Coloring Tutorial – Part 1 – Inking

I was commissioned to do an in-depth tutorial covering file setup, inking, and coloring as though I am talking to an absolute beginner so here it is! (Because I’ve been waiting for hours for CSP to redownload all the content and I know I won’t finish my updates this week.)

Right-click and open in another window to see the images larger.

To begin with, this is what you see when you start a new project. Now, each of those icons is a different type of work. The first is for random images and the others are for comics, book layouts, and animation. We’re going with art right now because everything I post from here on can be used under any type of work.

When you create your file, you are offered presets or custom sizes. Letter and A4 are good places to start. They’re self-explanatory. That is the physical dimensions of your canvas. Where people often have a problem is with the Resolution. Commonly, internet resolutions are 72 dpi or 99 PPI. DPI = DOTS per inch as printed by a printer and PPI=PIXELS per inch is the number of pixels as displayed by a computer screen. This is just so you know what the terms mean. 72 DPI is FINE for uploading to the internet, but printing it looks awful. You want 300 DPI minimum for digital art. So make sure your resolution is set to 300 per the example. Choose whatever physical size you want.

Using a higher DPI like 600 is often done for lineart/black and white work, however, using it for color will tax your system resources.


Scan your lineart!

I’m using a basic image that’s one of my chapter title images. I converted it to blue to make it easier to see for inking purposes.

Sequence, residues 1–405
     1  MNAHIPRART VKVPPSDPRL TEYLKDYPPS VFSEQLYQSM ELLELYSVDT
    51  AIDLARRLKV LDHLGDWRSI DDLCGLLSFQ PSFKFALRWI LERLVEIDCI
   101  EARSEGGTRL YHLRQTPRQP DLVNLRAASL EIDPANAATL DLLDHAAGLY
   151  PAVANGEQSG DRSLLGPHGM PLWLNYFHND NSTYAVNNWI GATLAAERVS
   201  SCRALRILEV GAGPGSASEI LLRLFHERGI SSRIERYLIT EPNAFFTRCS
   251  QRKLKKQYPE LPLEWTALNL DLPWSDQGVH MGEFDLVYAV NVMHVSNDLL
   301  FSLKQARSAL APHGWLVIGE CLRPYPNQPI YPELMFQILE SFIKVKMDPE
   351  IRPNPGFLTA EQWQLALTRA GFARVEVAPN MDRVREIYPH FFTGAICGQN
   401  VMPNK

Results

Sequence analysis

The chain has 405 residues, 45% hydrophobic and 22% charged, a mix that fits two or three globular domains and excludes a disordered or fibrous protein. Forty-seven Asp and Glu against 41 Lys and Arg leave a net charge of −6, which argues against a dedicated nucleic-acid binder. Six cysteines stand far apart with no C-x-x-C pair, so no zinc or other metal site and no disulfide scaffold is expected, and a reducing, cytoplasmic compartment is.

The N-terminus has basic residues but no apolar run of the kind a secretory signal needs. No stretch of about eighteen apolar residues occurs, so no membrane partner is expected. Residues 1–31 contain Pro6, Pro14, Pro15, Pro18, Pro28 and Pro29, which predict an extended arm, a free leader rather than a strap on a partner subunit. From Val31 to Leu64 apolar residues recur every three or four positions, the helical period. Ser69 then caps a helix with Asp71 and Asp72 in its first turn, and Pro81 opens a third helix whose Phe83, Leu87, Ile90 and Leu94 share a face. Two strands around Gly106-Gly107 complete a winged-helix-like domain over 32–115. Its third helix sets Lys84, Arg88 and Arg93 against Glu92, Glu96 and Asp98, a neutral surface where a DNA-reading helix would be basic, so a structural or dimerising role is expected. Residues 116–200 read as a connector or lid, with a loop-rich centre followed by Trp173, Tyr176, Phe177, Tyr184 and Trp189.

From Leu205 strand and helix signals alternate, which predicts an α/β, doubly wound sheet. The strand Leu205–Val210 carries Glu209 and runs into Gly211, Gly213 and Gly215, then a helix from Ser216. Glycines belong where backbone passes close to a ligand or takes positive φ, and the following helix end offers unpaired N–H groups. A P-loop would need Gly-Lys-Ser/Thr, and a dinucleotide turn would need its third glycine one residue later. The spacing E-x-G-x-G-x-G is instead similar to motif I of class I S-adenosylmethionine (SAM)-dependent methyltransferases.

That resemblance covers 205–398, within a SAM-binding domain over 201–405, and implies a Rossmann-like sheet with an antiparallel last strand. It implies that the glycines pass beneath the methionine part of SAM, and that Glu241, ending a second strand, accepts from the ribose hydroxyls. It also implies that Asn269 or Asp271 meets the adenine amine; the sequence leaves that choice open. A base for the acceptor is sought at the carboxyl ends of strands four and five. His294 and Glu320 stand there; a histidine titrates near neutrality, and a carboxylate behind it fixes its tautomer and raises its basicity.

This part is easy and while you can tweak it with other settings, I’m keeping this simple. Just click the blue/white button on the upper right of your layers menu. Typically, the layer menu is on the lower right unless you’ve moved it.

I’ve highlighted the layer I’m on and put it on the bottom, just above the paper.



Next, and this is very important: LOCK YOUR BLUE PENCIL LAYER! This will save you future headaches in case you forget which layer you’re working on.

The tool is easy to remember, because it is a lock shape. You select any layers you want to avoid working on and select the lock.

Next to it, you see another icon that shows a tiny lock and a transparent background. This locks everything that is not a line. If you have lineart, you can color ONLY the lines on that layer when it is selected. This allows you to do a lot of interesting things, like change the color of your lines or whatever is on that layer. You can use it for silhouttes and shadows by duplicating an entire piece and manipulating it.



I have no idea if that is a lighthouse or a shrine, but this is the very important REFERENCE toggle. When this selection is on, the layer it is set on is referred to by all other layers. You can do things in other layers that are constrained to what is in the reference layer without using the selection tool.

That’s primarily what I use it for.

The pencil icon is for the DRAFT layer. This is a layer you set to be ignored by the REFERENCE. It’s for things like your pencils so that if you select anything, it won’t pick up that layer and cause a mess. You want it to be ignored when you’re working.



These are the layers when I begin. They’re as they’re described, a layer that does different things. You have a base layer, your pencil layer, then VECTOR layers for inking. You can add more of those by using the icon on the bottom middle with the matching box next to the folder.

Your choice is Vector or Raster, however, Vector is superior for many reasons. Vectors allow you to individually control the lines through control points if you want. (Not that difficult once you get used to it, but not going into that now. Perhaps in another tutorial.) The primary reason I’m showing them to you here is for easily erasing stray lines.

When you select your hard eraser, it has an option called Vector Erase. Turn it on and selecting the middle icon will delete all lines you choose to erase to the next vector line. This is a time saving tool when you’re cleaning up your lineart!